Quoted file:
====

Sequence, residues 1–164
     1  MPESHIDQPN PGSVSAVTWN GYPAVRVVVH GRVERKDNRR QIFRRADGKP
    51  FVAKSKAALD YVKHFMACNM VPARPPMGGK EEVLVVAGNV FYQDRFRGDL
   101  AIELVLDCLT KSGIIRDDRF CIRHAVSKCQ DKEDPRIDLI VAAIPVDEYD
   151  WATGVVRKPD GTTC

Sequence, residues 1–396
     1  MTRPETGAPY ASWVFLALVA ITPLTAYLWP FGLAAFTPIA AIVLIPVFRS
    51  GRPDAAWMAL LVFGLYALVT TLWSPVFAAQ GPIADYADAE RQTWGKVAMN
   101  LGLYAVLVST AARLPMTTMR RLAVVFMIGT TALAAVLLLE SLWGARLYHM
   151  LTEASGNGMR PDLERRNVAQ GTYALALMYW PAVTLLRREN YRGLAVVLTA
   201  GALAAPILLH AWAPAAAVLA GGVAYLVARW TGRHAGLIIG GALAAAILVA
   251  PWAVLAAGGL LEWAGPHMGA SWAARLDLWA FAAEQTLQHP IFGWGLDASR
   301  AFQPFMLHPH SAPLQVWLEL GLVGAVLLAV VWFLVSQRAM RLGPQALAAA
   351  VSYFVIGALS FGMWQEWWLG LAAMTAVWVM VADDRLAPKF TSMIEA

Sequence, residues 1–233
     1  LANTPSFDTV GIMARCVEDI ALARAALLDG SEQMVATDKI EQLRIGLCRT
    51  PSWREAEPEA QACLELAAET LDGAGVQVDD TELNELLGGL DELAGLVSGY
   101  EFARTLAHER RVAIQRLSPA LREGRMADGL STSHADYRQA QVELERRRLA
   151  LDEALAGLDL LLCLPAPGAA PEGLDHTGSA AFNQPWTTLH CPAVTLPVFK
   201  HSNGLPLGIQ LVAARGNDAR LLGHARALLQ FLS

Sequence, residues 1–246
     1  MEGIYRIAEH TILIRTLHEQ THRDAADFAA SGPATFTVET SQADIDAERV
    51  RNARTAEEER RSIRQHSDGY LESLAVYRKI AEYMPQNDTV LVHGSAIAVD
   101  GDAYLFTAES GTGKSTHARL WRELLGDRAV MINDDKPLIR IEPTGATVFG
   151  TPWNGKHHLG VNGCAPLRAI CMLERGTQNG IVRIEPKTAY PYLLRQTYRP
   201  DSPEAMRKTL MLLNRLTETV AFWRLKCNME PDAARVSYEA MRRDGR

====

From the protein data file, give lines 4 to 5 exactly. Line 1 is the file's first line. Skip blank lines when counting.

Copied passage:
   101  AIELVLDCLT KSGIIRDDRF CIRHAVSKCQ DKEDPRIDLI VAAIPVDEYD
   151  WATGVVRKPD GTTC